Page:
In business, process analytics helps organizations know whether their ways of working are efficient. It’s a data-focused, systematic approach to improvement that emphasizes improving processes. Analyzing processes can yield valuable insights into what techniques and strategies are most effective, which are least effective, where waste is generated, where communication breaks down, and where errors are most likely to occur.

How can process analytics be useful?

Process improvement

Process analytics plays an important role in process improvement: a business approach that emphasizes the continuous studying, experimenting, and improvement of existing processes.

Process improvement’s ultimate goal is process optimization: a state of being where all business processes perform optimally. However, because businesses are always changing and growing, process optimization is somewhat ephemeral; before long, ways of working will need to be adjusted again, and then businesses will look to process analytics to identify the processes, analyze them, and implement new improvements.

Process automation

In a data-driven world, process automation tools are essential supports for process analytics initiatives. Process automation can improve process efficiencies, and when coupled with process analytics, yields key insights into performance metrics, identifying trends, pain points, bottlenecks, and other useful data points.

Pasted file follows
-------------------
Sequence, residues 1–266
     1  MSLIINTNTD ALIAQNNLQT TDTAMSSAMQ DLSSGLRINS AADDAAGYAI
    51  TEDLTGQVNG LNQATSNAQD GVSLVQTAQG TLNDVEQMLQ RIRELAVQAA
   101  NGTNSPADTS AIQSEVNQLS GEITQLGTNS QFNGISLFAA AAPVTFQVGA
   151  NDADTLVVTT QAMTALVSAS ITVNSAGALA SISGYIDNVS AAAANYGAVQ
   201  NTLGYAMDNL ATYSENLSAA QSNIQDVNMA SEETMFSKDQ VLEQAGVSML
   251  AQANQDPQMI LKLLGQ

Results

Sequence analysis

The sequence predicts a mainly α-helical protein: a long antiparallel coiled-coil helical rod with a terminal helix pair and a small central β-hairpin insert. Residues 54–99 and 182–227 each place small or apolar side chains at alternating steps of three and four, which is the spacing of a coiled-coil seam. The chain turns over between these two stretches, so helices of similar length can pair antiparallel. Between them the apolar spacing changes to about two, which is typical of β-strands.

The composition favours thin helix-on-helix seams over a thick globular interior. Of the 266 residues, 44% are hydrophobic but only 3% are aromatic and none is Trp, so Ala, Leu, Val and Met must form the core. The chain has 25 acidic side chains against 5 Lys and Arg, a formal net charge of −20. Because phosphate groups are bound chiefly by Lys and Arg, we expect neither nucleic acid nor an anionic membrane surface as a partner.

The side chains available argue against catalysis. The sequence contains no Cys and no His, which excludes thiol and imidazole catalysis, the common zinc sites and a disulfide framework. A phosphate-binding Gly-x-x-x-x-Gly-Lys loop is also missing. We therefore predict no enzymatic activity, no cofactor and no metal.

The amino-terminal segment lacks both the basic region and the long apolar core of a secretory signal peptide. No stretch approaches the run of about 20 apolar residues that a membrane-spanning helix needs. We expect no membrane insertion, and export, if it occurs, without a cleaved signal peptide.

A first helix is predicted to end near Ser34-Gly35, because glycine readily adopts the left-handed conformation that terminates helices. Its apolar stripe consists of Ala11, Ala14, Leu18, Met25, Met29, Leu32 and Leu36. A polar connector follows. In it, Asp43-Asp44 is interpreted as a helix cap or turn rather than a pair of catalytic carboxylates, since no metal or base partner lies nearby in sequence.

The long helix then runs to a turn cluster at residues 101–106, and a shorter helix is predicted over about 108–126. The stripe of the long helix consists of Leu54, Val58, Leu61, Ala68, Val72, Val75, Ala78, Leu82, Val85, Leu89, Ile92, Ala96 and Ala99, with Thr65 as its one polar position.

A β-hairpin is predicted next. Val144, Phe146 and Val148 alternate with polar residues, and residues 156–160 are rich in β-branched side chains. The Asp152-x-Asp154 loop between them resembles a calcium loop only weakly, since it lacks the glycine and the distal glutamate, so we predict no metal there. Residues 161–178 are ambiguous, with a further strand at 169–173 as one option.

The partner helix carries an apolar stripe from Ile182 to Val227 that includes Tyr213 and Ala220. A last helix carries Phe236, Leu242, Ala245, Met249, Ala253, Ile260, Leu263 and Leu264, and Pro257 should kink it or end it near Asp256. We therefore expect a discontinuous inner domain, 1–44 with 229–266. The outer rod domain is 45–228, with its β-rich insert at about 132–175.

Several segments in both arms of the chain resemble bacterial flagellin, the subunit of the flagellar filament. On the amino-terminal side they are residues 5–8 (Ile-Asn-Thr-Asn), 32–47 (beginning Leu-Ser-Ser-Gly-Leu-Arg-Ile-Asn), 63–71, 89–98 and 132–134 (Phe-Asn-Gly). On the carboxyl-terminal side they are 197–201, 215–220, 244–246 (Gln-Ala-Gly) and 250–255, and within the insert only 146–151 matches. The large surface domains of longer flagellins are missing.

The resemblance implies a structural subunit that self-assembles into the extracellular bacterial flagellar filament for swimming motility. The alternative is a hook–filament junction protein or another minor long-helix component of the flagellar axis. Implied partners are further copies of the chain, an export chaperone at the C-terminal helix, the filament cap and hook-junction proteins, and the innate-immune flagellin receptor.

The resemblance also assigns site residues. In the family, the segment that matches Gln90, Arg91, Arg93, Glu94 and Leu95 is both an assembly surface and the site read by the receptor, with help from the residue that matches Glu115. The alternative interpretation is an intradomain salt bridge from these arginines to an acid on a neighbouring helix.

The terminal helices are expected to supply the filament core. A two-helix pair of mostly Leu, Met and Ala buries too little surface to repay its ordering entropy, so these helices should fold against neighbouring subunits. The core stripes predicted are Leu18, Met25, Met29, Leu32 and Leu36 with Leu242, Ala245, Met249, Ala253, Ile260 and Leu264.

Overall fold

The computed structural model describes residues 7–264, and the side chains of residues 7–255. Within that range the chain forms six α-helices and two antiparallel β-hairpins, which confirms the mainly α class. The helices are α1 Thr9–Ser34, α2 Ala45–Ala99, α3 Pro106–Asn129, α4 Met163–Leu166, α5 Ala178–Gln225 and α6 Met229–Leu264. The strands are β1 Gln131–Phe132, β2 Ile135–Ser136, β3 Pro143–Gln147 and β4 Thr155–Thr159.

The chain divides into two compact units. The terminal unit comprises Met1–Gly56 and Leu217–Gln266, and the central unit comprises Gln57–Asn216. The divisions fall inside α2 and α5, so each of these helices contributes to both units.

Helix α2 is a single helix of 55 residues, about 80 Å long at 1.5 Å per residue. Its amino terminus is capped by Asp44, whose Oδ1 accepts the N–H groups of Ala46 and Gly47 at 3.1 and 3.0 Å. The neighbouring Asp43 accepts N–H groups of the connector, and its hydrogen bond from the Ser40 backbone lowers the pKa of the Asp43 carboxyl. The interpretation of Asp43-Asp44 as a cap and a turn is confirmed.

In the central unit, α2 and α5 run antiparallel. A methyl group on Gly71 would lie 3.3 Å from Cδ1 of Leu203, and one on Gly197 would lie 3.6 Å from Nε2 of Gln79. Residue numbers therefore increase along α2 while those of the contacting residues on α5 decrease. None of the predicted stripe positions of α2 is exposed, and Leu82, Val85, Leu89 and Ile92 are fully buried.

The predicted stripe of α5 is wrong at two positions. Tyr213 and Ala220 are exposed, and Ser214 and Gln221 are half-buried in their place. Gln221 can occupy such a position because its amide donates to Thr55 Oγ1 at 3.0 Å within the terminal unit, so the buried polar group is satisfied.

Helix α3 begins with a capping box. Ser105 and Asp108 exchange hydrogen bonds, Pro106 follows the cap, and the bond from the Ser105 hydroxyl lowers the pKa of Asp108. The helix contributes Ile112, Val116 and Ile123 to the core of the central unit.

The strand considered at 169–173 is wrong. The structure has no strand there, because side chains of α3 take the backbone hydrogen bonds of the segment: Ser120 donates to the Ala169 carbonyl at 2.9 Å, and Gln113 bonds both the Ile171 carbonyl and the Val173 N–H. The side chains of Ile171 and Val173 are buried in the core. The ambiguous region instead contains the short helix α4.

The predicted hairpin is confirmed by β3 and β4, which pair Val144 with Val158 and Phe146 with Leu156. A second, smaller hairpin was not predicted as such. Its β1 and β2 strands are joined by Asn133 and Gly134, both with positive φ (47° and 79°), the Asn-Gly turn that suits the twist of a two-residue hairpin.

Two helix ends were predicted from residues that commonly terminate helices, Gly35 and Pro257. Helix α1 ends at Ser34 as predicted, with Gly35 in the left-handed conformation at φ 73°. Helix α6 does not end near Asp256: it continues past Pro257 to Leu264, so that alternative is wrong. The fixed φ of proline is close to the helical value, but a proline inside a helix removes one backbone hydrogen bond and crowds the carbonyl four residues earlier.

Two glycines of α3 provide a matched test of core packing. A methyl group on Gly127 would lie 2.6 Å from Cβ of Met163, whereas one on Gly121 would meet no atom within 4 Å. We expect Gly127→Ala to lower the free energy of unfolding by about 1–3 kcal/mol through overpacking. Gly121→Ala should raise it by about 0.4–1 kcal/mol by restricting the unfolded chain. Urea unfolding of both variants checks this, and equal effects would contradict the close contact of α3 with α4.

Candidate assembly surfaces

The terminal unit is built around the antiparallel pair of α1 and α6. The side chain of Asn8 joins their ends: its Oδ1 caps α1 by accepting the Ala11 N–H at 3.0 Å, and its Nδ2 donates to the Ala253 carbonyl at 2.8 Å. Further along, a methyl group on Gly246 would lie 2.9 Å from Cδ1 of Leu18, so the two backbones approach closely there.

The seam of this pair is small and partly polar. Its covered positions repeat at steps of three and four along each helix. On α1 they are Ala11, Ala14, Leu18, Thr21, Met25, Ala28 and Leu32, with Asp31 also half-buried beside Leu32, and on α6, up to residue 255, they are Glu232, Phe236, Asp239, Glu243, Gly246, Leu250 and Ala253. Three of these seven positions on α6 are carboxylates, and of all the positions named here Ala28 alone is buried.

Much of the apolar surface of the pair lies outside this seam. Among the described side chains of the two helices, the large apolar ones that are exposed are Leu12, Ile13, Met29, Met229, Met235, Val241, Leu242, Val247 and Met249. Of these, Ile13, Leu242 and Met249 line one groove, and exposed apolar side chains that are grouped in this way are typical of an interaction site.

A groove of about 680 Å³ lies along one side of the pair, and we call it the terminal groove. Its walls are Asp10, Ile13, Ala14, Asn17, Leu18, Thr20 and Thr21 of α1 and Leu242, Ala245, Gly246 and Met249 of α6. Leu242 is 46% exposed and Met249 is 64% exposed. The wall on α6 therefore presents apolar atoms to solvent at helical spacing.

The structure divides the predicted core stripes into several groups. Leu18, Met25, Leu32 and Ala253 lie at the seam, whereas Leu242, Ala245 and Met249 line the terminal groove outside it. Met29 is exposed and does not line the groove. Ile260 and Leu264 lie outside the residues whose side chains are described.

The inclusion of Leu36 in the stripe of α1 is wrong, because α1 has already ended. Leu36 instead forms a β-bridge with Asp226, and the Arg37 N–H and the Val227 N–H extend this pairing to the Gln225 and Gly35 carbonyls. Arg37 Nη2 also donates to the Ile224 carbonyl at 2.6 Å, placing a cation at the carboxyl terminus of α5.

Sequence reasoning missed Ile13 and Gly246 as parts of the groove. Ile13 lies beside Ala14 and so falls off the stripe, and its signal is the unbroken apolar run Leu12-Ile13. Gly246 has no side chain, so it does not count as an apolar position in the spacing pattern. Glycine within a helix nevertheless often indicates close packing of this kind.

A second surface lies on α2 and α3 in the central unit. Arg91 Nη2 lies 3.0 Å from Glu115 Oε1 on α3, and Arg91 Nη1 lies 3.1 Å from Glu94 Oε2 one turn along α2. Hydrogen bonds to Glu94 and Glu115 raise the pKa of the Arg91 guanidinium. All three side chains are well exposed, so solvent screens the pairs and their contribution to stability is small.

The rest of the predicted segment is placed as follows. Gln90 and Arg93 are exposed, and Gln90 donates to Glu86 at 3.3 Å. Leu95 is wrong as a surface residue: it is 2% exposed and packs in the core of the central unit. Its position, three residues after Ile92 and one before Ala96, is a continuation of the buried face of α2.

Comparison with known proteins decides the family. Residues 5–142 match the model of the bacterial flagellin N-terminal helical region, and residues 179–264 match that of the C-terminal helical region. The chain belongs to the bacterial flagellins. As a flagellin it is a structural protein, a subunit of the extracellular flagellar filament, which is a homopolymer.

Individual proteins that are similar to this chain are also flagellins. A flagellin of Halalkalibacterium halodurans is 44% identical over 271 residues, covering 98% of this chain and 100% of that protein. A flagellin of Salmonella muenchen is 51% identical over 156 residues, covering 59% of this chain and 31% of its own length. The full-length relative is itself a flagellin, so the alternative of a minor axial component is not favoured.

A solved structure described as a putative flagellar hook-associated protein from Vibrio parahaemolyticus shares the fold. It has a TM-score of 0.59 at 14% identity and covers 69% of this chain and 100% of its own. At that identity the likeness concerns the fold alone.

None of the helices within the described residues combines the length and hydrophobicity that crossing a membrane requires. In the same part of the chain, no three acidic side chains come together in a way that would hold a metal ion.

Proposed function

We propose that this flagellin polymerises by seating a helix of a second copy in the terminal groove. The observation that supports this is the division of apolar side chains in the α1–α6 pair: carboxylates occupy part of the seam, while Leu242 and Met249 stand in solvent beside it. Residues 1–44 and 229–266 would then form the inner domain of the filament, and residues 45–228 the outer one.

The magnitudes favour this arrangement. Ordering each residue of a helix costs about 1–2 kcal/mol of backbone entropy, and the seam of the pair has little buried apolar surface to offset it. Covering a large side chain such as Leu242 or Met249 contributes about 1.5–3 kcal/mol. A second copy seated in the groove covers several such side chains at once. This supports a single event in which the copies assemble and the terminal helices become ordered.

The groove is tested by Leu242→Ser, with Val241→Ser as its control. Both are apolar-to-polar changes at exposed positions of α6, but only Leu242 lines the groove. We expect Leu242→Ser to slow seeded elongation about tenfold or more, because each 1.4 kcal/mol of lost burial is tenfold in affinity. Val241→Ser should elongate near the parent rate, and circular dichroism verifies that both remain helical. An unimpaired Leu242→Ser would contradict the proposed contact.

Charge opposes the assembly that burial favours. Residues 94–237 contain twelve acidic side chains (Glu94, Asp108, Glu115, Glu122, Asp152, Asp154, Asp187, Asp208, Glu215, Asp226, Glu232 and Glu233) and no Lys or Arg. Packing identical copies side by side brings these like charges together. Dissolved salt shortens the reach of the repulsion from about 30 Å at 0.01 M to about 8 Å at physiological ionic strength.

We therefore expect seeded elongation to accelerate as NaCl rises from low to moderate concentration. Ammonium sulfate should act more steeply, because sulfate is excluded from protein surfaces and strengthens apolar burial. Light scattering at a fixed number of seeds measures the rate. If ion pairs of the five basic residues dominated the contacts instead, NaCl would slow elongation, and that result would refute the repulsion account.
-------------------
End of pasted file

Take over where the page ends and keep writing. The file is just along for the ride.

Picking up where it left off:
Not only that, process automation tools can be used to create totally new processes built on the foundation of those data findings. Many platforms allow users to visualize and monitor the processes while continuously gathering new data.

Process integration

Integrating new processes into existing workflows comes with its own set of challenges. These introductions are rarely seamless, and understanding how one process impacts another – or indeed, the entire system – is one of the reasons process analytics is so important.

Process analytics supports process integration by visualizing the flow of information between workflows, processes, and systems. Complex processes are difficult to map without data, so having an analytics tool on hand to help monitor, study, and test performance is extremely useful for businesses focused on improving the way processes flow.

Technology of process analytics

Descriptive analytics